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Essays on cinema, anthropology and documentary filmmaking

The looking machine calls for the redemption of documentary cinema, exploring the potential and promise of the genre at a time when it appears under increasing threat from reality television, historical re-enactments, designer packaging and corporate authorship. The book consists of a set of essays, each focused on a particular theme derived from the author’s own experience as a filmmaker. It provides a practice-based, critical perspective on the history of documentary, how films evoke space, time and physical sensations, questions of aesthetics, and the intellectual and emotional relationships between filmmakers and their subjects. It is especially concerned with the potential of film to broaden the base of human knowledge, distinct from its expression in written texts. Among its underlying concerns are the political and ethical implications of how films are actually made, and the constraints that may prevent filmmakers from honestly showing what they have seen. While defending the importance of the documentary idea, MacDougall urges us to consider how the form can become a ‘cinema of consciousness’ that more accurately represents the sensory and everyday aspects of human life. Building on his experience bridging anthropology and cinema, he argues that this means resisting the inherent ethnocentrism of both our own society and the societies we film.

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Peter Marks

( Eureka ), Derek Jarman ( Caravaggio ), Terence Davies ( Distant Voices, Still Lives ) and Peter Greenaway ( The Belly of an Architect )’. 7 Gilliam’s American work in the 1990s, however, determines that he does appear in British Cinema of the 90s (2000). 8 The Companion to British and Irish Cinema (1996) lists Gilliam as an ‘American/British director’, along with Losey and Lester; Kubrick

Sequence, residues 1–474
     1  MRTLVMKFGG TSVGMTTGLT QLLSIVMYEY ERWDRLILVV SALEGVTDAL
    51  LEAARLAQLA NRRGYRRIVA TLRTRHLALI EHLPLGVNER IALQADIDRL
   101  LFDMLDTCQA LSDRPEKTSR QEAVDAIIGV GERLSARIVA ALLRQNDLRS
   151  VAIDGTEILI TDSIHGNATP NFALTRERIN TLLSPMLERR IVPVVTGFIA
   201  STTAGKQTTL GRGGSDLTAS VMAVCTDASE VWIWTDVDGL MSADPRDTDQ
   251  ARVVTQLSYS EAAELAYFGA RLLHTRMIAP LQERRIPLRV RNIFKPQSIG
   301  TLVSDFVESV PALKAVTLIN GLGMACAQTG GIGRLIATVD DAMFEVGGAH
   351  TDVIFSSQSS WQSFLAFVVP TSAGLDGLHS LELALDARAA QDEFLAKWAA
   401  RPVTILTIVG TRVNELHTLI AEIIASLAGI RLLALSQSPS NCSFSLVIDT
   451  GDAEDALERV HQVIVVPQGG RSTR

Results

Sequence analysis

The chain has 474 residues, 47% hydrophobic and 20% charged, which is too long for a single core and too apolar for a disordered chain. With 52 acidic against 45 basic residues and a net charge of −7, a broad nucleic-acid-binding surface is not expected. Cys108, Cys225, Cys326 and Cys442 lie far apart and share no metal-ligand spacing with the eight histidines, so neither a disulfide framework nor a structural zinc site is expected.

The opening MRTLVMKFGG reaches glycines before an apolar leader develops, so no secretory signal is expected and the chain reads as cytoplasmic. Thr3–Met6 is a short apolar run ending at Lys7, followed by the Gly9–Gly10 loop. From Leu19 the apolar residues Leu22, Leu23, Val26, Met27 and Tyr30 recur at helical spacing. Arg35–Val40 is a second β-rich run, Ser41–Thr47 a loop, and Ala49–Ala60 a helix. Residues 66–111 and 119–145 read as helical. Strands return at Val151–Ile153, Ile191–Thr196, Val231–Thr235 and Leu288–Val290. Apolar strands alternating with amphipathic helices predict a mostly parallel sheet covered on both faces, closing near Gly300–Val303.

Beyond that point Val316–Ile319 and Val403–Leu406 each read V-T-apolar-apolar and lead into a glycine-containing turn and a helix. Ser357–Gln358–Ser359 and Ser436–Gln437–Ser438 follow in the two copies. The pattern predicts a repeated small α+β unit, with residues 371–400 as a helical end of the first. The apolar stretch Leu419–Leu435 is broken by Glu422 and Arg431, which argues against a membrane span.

in Terry Gilliam
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The biopic and the composed film in British art cinema
Brian Hoyle

clearly saw himself working within a British art cinema tradition, albeit a marginalised one. He saw himself struggling alongside fellow film-makers such as Peter Watkins, Bill Douglas, Terence Davies, Sally Potter and Ron Peck. He also spoke highly of the early films of Nicolas Roeg, John Boorman and Neil Jordan. 33 His favourites remained Ken Russell, of whom he wrote that ‘there was no better director to learn from’, 34 and, above all, Michael Powell, whose work he thought to be ‘unequalled’. 35 Their influence can also be clearly felt in Jarman’s work

in British art cinema
David Forrest

, Britain was operating ‘a fully-formed national art cinema comparable in some ways to the French New Wave of the 1960s and New German Cinema of the 1970s’. 14 British realist cinema has usually been understood within these paradigms only through its convergence with what Martin Hunt calls in his analysis of Terence Davies’ ‘social art cinema’. 15 Christopher Williams goes even further: the British, traditionally, had no art cinema, and later no specific equivalent of the European art cinema, no medium in which the leading issues of

in British art cinema
Ian Mackillop
and
Neil Sinyard

recovering something of the quality of the whole cinema-going experience in the 1950s, which, memory tells us, is so different from our present multiplex days. (As Terence Davies’s films lovingly show, there was still a magic and an innocence attached to the cinema in those days, which one can rediscover in reading through fan magazines and old film annuals: a reader wins 10 s 6 d from Picturegoer for observing that ‘no screen

in British cinema of the 1950s